The vast majority of businesses now use cloud services, yet many still struggle with realizing the full potential of their IT investments. In particular, small and medium-sized businesses (SMBs) lack the internal IT staff and expertise to fully move to and manage workloads in public cloud environments. Speaker Todd Schwartz will help session attendees better navigate the complex cloud market and maximize their technical investments. The SkyKick co-founder and co-CEO will share the biggest challe...
When applications are hosted on servers, they produce immense quantities of logging data. Quality engineers should verify that apps are producing log data that is existent, correct, consumable, and complete. Otherwise, apps in production are not easily monitored, have issues that are difficult to detect, and cannot be corrected quickly. Tom Chavez presents the four steps that quality engineers should include in every test plan for apps that produce log output or other machine data. Learn the ste...
With more than 30 Kubernetes solutions in the marketplace, it's tempting to think Kubernetes and the vendor ecosystem has solved the problem of operationalizing containers at scale or of automatically managing the elasticity of the underlying infrastructure that these solutions need to be truly scalable. Far from it. There are at least six major pain points that companies experience when they try to deploy and run Kubernetes in their complex environments. In this presentation, the speaker will d...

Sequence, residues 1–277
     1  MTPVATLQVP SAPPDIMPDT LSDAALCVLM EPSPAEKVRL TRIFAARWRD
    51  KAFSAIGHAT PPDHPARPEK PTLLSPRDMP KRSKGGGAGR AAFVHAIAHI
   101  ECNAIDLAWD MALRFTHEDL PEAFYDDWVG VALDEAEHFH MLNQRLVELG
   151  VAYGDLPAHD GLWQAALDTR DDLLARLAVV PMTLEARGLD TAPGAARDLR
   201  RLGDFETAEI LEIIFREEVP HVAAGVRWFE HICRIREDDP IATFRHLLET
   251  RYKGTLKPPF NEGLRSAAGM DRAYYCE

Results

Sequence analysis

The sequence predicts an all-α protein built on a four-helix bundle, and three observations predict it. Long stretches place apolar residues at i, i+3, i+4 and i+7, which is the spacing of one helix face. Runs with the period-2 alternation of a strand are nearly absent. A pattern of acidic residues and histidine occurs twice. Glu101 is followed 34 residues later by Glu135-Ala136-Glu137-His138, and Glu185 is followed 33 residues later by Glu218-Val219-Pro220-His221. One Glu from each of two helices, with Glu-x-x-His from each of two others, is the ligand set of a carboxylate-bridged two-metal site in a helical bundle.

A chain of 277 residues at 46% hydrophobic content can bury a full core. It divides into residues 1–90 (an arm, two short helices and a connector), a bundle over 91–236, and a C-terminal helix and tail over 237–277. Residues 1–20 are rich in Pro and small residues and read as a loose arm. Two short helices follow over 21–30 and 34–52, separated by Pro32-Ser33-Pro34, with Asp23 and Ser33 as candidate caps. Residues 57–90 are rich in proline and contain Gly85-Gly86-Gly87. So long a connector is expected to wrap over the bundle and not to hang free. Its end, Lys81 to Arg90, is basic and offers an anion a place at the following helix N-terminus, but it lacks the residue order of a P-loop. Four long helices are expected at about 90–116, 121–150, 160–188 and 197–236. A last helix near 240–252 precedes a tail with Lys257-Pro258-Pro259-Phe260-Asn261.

While some developers care passionately about how data centers and clouds are architected, for most, it is only the end result that matters. To the majority of companies, technology exists to solve a business problem, and only delivers value when it is solving that problem. 2017 brings the mainstream adoption of containers for production workloads. In his session at 21st Cloud Expo, Ben McCormack, VP of Operations at Evernote, discussed how data centers of the future will be managed, how the p...
Predicting the future has never been more challenging - not because of the lack of data but because of the flood of ungoverned and risk laden information. Microsoft states that 2.5 exabytes of data are created every day. Expectations and reliance on data are being pushed to the limits, as demands around hybrid options continue to grow.